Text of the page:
The RIAA Says Suing Individuals Was an Effective Strategy

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The RIAA ended its mass-lawsuits against individuals years ago, though the group is now pointing to a successful strategy.

In fact, the group now claims that it ‘largely succeeded’ in containing the piracy problem and fostering a legitimate marketplace.  In response to a critical article in the Tennessean regarding the RIAA’s multi-million dollar lobbying tab and questionable legal approach, RIAA executive Liz Kennedy fired back with this.

“We never expected to ‘end’ piracy. The goal is to bring the problem under sufficient control so that lawful businesses can compete and the industry can earn enough to protect jobs and invest in new bands.

“Our legal efforts served as an essential educational tool: Fans know far more now about copyright laws and the legal consequences of stealing music than ever before. Before initiating lawsuits in 2003, only 35 percent of people knew file-sharing on P2P was illegal; afterward, awareness grew to 70 percent.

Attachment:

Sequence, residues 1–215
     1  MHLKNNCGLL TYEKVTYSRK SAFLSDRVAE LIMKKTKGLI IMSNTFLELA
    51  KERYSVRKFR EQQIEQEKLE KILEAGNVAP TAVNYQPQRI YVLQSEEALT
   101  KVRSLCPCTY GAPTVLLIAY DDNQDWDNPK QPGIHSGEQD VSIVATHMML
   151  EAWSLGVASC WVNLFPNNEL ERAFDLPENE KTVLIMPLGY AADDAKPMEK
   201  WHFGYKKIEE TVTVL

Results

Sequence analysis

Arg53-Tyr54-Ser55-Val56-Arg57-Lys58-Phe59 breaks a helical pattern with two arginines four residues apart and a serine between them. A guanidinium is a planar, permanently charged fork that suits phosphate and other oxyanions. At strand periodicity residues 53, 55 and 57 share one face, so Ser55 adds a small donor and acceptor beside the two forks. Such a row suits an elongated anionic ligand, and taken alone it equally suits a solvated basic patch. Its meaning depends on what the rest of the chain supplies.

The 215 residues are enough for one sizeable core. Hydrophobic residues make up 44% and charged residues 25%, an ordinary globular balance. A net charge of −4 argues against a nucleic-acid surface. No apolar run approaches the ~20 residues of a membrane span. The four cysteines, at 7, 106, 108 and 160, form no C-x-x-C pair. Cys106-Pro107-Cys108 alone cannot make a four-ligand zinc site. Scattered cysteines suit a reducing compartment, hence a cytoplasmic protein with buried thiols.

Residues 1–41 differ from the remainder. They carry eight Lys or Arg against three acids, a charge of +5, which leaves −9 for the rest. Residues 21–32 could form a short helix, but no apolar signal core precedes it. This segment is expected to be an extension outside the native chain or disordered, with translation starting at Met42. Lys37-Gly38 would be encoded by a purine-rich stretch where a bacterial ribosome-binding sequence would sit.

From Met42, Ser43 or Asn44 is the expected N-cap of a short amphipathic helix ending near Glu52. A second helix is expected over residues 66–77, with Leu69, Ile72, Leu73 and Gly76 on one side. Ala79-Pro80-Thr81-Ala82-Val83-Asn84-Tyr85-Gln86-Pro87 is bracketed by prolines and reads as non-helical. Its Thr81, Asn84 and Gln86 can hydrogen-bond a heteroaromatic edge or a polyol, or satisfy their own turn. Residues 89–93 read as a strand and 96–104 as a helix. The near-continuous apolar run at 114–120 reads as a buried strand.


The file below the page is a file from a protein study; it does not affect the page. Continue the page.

“Where there was virtually no legal digital market before the lawsuits, today the market exceeds $3 billion annually, and revenue from online platforms will comprise more than 50 percent of total industry revenues this year. To boot, there are more than 400 licensed digital services worldwide, compared with fewer than 50 in 2003.

“To be clear, no legal efforts are a panacea — compelling legal consumption options are the most important.  But we believe our efforts made a difference.  Consider the alternative, if we had done nothing and illegal downloading skyrocketed further and strangled a flourishing legal marketplace.”